Sweden’s Truecaller started out life as a service that screens calls and messages to weed out spammers. In recent times the company has switched its focus to India, its largest market based on users, adding services that include payments to make it more useful. Now Truecaller is putting even more weight behind its India push after it announced its first acquisition, mobile payment service Chillr. The vision is to go deeper into mobile payments and associated services to turn Truecaller into a utility that goes beyond just handling messages and calls, particularly payments — a space that WhatsApp is preparing to enter in India. Truecaller doesn’t have WhatsApp -like scale — few companies can match 200 million active users in Indua, but it did recently disclose that it has 100 million daily active users worldwide, while India is its largest country with 150 million registered users. Truecaller has raised over $90
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Sea seeks $400M raise to develop its e-commerce and payment businesses

Southeast Asia-based internet firm Sea is raising $400 million through the sale of notes in what would be its first fundraising activity since it went public via in an October 2017 IPO that raised over $1 billion. The Singapore-based company, formerly known as Garena, said that the senior note offering will put toward general costs and business expansion. Long-time investor Tencent is expected to buy up $50 million of the notes on offer, and the offering itself could be extended by a further $60 million. Sea’s IPO was a landmark for Southeast Asia, where startup exits are few and far between, but the company hasn’t exactly set Wall Street on fire since making its public bow. Its share price is $16.40 at the time of writing, having debuted at $15. It has risen thanks to gains over the past month following its most recent earnings but initially the company
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Coinbase opens its crypto index fund to accredited U.S. investors

Fresh from revealing plans to add Ethereum Classic to its exchange, crypto giant Coinbase today announced that its cryptocurrency index fund — first revealed in Marchis open to investors in the U.S.. The company said in a blog post that it has see “overwhelming” interest from investors, and now it is reaching out to those who want to invest between $250,000 and $20 million. For now, the company said, participation is limited to the U.S. and those who are accredited investors. That’s a pretty big caveat since crypto, by default, is open to anyone — although many ICOs tread carefully in markets like the U.S. — but Coinbase is very specifically target institutional capital, having recently added services for Wall Street-like professional investors. The pitch is that it knows the market, its service covers the most stable assets and it won’t charge the kind of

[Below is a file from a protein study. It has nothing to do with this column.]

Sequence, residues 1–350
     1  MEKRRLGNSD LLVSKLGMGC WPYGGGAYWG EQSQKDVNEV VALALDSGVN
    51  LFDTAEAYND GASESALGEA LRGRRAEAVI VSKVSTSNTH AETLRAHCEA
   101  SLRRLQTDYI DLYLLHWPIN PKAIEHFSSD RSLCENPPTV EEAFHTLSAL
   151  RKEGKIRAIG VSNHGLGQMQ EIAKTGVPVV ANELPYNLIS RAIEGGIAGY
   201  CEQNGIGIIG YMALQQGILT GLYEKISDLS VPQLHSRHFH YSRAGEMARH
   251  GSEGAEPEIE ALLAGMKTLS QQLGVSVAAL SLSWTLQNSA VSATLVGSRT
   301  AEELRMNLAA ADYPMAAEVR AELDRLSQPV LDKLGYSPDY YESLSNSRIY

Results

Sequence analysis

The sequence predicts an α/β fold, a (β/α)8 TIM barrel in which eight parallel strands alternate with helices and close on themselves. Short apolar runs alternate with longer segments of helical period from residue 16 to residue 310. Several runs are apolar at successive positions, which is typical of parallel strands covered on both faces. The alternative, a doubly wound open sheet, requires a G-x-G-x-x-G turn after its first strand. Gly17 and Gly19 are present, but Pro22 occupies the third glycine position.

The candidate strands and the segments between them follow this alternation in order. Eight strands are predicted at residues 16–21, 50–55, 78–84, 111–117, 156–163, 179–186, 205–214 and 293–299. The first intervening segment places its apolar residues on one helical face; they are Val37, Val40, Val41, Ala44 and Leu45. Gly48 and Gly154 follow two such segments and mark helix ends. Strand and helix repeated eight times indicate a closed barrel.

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Southeast Asia’s Grab lands $1B from Toyota at a $10B valuation

Grab, the ride-hailing firm that acquired Uber’s Southeast Asia business earlier this year, is raising a new round of funding and it just announced that it will be led by Toyota, which is committing $1 billion in capital. The deal values Grab at $10 billion, a source close to the company told TechCrunch. In return for its capital, Toyota will also get a board seat and the opportunity to place an executive within Grab’s team. Grab said it plans to work with its new investor “to create a more efficient transport network that will ease traffic congestion in Southeast Asia’s megacities” and help its drivers increase their income. In particular, that will involve close collaboration with the Toyota Mobility Service Platform (MSPF), which is working on areas such as user-based insurance, new types of financial packages and predictive car maintenance. “Going forward, together with Grab, we will develop services that
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Vietnam’s new cyber security law draws concern for restricting free speech

Big tech firms including Google, Facebook and Twitter have expressed major concern after Vietnam’s government passed a law that promises to introduce tighter restrictions on free speech online. The new regulation passed this week strengthens the government’s position on censoring the internet, drawing Amnesty International to decry that it leaves “no safe place for people to speak freely” in Vietnam. Asia Internet Coalition (AIC) — a group that represents Facebook, Google, Twitter, LinkedIn, Line and others — furthered cautioned that it would harm the development of the country’s digital economy. Among the broad points, the new cyber security law forbids internet users from organizing with, or training, others for anti-state purposes, spreading false information, and undermining the nation state’s achievements or solidarity, according to reports. “This decision has potentially devastating consequences for freedom of expression in Vietnam. In the country’s deeply repressive climate, the online space was a relative refuge